Unlike their curtailed set at the Transgressive Records showcase on the Tuesday night, Dry the River played in their full band arrangement here, and their songs were well-received by the crowd. The plaintive tunes and delicate harmonies I had heard from the band at Buffalo Billiards were transformed here into dynamic, hard-edged rock anthems, though I was pleased to hear that their folk sensibilities weren’t entirely obliterated by the increased size of their sound. When the band reached the end of its allotted time, there were a few vain cries for more from the front of the stage, an outcome that brought a smile to my face and was surely more satisfactory for Dry the River as well.
Next on the set list at the British Music Embassy was a band who are of at least peripheral interest to us here at TGTF, namely Black Rivers. Principal Black Rivers members Jez and Andy Williams were (are?) part of Manchester trio Doves, whose track ‘There Goes the Fear’ gave this Web site its name. Appearing here with a full four-piece set up, Black Rivers appeared to have some problems in their brief soundcheck, in the end playing only four songs once their set actually started. Even so, we heard enough of their heavily rhythmic, guitar-laden sound to permanently distinguish the Williams’ new project from their former band.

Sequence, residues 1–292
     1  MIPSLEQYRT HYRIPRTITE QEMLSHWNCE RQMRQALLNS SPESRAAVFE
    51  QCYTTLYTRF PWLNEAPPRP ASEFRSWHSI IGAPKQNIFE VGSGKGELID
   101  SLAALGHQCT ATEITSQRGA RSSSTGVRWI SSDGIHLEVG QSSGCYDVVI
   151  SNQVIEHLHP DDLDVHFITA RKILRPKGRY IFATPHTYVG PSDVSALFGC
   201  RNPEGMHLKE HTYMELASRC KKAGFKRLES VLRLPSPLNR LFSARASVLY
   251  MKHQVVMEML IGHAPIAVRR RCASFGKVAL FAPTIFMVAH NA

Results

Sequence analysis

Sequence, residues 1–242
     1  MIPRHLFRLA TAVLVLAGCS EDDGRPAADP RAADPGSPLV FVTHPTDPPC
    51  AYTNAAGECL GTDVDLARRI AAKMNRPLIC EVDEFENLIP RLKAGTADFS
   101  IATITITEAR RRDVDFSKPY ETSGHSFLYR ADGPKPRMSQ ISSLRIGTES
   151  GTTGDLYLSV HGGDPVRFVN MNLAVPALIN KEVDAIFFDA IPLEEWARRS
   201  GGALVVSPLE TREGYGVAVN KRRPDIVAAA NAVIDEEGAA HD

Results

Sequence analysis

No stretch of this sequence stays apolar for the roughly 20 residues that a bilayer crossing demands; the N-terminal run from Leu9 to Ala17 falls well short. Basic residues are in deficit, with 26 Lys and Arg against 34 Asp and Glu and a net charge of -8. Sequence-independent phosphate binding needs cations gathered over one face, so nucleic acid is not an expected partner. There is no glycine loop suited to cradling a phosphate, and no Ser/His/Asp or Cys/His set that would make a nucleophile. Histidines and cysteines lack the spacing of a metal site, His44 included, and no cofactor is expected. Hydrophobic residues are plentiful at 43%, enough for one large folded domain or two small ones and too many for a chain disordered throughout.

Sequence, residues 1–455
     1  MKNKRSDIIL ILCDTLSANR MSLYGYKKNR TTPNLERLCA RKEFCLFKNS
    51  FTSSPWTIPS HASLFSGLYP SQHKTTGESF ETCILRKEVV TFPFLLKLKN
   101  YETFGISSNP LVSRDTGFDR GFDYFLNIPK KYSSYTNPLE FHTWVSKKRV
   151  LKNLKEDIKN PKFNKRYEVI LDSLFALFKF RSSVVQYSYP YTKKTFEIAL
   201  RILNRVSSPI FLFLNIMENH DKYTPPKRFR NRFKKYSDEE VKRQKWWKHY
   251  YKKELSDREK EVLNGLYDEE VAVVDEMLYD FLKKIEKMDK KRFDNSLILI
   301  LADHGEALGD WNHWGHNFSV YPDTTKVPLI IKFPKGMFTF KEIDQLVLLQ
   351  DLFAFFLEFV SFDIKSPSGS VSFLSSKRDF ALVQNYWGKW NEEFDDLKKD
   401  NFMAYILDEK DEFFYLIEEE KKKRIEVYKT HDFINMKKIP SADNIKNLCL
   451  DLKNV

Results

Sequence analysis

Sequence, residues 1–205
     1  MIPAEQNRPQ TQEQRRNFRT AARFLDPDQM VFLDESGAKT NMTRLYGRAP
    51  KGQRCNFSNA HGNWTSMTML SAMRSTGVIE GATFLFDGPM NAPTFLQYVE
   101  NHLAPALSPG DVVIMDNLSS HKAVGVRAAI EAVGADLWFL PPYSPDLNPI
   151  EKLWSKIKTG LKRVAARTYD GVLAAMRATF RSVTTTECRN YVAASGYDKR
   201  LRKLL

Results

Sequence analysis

At the end of Black Rivers’ set, I beelined out of Latitude 30 and made a mad dash to the Mohawk, hoping to catch American folk-soul singer Matthew E. White. I arrived at the venue with time to spare, but unfortunately for me, so had a long queue of other hopeful punters, and I was left to listen to the faraway strains of White’s recent single ‘Rock & Roll is Cold’ from the sidewalk outside.